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Tuesday, 8 February, 2000, 14:36 GMT
Police investigate Copernicus theft

Cop Interpol has been asked to investigate the theft


By BBC News Online science editor Dr David Whitehouse

A rare copy of one of the greatest science books ever published has been stolen.

The copy of De Revolutionibis Orbium Coelestium Libri VI [On the Revolutions of Heavenly Spheres], known simply as the "Revolutions", was taken from a library in St Petersburg, Russia.

Experts suspect that it was stolen to order for a collector and have appealed to the International Criminal Police Organisation, Interpol, for help.


Copernicus' ideas went against religious beliefs of the time Copernicus' ideas went against religious beliefs of the time
The rare 1543 first edition by astronomer Nicholas Copernicus is one of only 107 known copies in the world.

In the book, published in Germany in 1543, the Polish astronomer lays out his theory that the Earth revolves around the Sun and not the other way around. It was a shocking and fantastic suggestion at the time, and went against the philosophical and religious beliefs of medieval times.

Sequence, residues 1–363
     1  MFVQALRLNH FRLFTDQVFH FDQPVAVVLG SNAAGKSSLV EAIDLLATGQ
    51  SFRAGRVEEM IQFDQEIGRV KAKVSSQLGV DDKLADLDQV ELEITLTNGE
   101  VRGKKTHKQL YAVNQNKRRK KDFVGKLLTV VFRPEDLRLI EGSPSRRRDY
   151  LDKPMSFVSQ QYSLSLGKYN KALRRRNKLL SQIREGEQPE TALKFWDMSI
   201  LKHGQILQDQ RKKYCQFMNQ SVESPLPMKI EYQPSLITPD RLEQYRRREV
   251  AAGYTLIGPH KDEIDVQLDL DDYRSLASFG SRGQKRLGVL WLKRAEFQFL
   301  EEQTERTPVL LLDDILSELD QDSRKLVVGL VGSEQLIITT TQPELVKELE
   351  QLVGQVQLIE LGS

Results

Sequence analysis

Copernicus postponed publication of his theory for many years and it is said that he only saw the first copy of the book on his deathbed.

The copy stolen in St Petersburg was among 23 rare books from the 16th and 17th centuries taken from the library of the Academy of Sciences.

It was the impending sale of a copy of the book at an auction in the United States that prompted librarians to look for their copy. It was then that they discovered the theft.

Two years ago, copies of the same book, valued at $400,000, were stolen from libraries in Poland and Ukraine.

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